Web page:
U.S. livestock: CME October hogs fall to contract low

Chicago | Reuters — Chicago Mercantile Exchange October lean hog futures fell sharply to a contract low on Thursday, weighed down by a months-long decline in cash prices and abundant supplies, traders said.

Deferred hog futures contracts as well as most live cattle and feeder cattle contracts also eased on technical selling and profit-taking.

Traders were squaring positions ahead of U.S. Department of Agriculture data due after the close of trading on Friday in which the government will report how many cattle were placed on feed in August and how much meat was in cold storage.

CME October hogs dropped 1.325 cents to 57.325 cents/lb., finishing just above the earlier contract low of 57.075 cents (all figures US$). The most-active December hogs contract fell 2.125 cents to 57.8 cents, easing from Wednesday’s two-week high.

The CME Group’s index of the cash hog market has been on a downward trajectory since July and was hovering at the lowest levels since April.

USDA said hogs in the top cash market of Iowa and southern Minnesota were down 85 cents to $49.43/cwt.

“Just too many,” Kooima and Kaemingk Commodities broker Scott Varilek said of hogs.

A few analysts expected USDA on Friday to show 573.5 million lbs. of pork in cold storage in August and 426.5 million lbs. of beef.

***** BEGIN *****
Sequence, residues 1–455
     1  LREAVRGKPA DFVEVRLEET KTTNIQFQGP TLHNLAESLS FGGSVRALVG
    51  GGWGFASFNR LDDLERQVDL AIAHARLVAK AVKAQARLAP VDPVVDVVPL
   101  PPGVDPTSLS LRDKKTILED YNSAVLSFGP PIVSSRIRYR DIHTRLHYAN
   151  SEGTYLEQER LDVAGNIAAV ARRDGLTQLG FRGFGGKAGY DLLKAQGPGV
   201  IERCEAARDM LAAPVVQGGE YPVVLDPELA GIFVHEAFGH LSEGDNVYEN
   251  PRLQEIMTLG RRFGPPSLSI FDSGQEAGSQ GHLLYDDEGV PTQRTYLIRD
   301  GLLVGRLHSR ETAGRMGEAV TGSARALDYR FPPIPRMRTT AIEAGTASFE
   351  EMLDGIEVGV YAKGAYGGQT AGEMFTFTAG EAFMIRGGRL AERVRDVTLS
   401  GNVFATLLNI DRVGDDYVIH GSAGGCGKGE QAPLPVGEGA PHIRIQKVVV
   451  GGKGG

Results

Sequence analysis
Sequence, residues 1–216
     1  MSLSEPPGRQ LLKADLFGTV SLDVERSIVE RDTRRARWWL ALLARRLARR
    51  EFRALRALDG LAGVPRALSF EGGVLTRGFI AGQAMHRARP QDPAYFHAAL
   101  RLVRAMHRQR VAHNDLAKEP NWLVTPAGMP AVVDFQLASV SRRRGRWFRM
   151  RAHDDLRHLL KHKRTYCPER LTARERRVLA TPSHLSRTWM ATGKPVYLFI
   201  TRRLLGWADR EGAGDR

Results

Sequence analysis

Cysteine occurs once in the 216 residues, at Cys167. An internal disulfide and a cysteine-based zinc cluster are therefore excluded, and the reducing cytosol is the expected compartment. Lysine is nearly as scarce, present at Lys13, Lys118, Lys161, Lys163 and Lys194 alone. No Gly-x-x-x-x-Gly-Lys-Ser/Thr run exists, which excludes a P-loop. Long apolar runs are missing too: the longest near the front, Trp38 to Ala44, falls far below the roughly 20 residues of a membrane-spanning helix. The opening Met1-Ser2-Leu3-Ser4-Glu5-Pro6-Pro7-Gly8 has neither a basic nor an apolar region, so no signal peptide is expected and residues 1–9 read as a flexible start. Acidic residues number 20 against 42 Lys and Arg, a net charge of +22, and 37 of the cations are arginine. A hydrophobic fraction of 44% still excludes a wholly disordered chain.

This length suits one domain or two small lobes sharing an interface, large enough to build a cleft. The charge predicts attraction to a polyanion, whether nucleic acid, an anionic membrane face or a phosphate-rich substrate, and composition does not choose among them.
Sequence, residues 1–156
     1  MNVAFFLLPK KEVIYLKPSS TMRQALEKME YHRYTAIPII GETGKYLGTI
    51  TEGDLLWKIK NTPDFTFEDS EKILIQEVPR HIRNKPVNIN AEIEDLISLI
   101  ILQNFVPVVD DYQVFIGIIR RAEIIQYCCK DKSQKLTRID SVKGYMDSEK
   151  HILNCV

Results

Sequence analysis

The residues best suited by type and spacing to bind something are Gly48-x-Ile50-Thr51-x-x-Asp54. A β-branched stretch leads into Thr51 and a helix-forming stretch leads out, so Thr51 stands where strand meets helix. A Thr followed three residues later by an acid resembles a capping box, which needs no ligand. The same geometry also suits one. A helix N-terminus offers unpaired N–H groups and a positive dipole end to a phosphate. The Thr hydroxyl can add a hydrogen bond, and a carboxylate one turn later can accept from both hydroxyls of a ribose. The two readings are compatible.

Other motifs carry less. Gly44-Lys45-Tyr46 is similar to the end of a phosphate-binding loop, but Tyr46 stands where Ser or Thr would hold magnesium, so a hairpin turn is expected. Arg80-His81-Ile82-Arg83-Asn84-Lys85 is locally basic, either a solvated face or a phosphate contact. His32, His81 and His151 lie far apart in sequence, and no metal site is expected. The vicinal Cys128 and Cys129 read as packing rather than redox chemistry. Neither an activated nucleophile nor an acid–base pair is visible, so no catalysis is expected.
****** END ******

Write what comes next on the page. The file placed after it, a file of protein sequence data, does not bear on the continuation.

A Reuters poll of analysts expected USDA to show cattle placed in feedlots for fattening in August down 2.9 per cent from last year, suggesting that fewer animals would reach slaughter weight in February and March.

Cattle futures which surged by the most in 11 months on Wednesday declined on Thursday as investors locked in profits ahead of the USDA reports and as dealers awaited cash cattle sales in the Plains.

“The pretty big jump yesterday has people holding off,” Varilek added. “Some bullish Cattle on Feed estimates were priced in.”

CME October live cattle eased 0.85 cents to 110.1 cents/lb. and most-active December live cattle down 0.05 cent, to 116.2 cents.

CME October feeder cattle were off 1.4 cent, to 155.875 cents/lb.

— Michael Hirtzer reports on commodity markets for Reuters from Chicago; additional reporting by Theopolis Waters.

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